Noise Gives Biology a Hand
Many molecules essential to life come with a given handedness, or chirality: amino acids are always left handed, while sugars are always right handed. Why this “homochirality” exists, however, is a mystery, since it takes a similar amount of energy to form left- and right-handed versions of a molecule. Farshid Jafarpour and colleagues at the University of Illinois at Urbana–Champaign have now suggested that the asymmetry might be the consequence of noisy fluctuations accompanying the chemical reactions that produce these biomolecules.
According to current theories, homochirality emerged through several steps. First, some environmental asymmetry—arising, for instance, from the Earth’s rotation or exposure to circularly polarized light—created a small imbalance between the two species. The imbalance was then amplified as each chiral species catalyzed its own production (through self-replication). However, these two steps are not sufficient to explain biology’s perfect selectivity, so researchers have hypothesized that a chiral species becomes dominant by also inhibiting the formation of the other. But recent experiments cast doubts on this hypothesis by showing that two chiral variants of RNA can coexist.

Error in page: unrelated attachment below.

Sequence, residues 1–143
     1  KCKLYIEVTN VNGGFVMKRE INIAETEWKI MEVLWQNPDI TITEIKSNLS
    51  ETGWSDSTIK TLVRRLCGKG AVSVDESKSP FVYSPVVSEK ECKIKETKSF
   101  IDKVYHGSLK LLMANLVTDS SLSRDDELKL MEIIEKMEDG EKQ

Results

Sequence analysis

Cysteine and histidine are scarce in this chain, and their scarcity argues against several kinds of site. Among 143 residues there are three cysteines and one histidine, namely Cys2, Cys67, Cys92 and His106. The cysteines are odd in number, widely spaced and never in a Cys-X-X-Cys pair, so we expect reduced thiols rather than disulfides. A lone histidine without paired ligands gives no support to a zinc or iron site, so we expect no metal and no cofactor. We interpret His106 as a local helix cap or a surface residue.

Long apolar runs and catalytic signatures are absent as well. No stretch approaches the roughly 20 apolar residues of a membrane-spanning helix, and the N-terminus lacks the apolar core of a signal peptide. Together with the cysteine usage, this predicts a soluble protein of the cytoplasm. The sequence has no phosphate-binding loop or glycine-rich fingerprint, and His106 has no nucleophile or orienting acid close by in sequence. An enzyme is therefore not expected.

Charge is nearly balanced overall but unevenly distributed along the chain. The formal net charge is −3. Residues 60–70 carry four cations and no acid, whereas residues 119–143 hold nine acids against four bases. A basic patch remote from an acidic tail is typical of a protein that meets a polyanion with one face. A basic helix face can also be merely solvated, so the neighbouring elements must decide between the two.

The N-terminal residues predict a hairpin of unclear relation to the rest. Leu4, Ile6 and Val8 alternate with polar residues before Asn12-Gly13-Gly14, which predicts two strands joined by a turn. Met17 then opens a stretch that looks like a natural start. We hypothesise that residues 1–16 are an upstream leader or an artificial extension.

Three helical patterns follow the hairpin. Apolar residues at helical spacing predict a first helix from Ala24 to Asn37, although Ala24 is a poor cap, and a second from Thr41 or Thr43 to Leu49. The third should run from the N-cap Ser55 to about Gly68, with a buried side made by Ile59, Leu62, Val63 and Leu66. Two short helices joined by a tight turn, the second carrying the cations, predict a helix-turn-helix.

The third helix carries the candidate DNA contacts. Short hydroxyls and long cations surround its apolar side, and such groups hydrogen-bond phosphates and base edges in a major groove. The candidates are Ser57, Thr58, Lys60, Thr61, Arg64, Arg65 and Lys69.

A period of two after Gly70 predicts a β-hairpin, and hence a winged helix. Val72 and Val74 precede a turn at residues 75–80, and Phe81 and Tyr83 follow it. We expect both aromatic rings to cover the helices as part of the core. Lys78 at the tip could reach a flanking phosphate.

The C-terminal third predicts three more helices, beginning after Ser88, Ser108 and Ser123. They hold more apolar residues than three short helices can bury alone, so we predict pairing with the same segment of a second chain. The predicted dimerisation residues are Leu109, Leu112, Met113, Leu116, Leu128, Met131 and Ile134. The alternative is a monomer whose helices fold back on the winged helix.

Jafarpour and colleagues provide a simpler explanation that does not rely on cross-inhibition. They analyze a set of self-replication reactions that produce the two chiral species and calculate how their ratio evolves in the presence of concentration fluctuations—a form of noise arising because chemical reactions are probabilistic processes. Their calculations show that, even if the two species were initially equally probable, fluctuations move the system inexorably toward a homochiral state. Once reached, this state is stable because self-replicating reactions can only produce molecules with the same chirality.
This research is published in Physical Review Letters.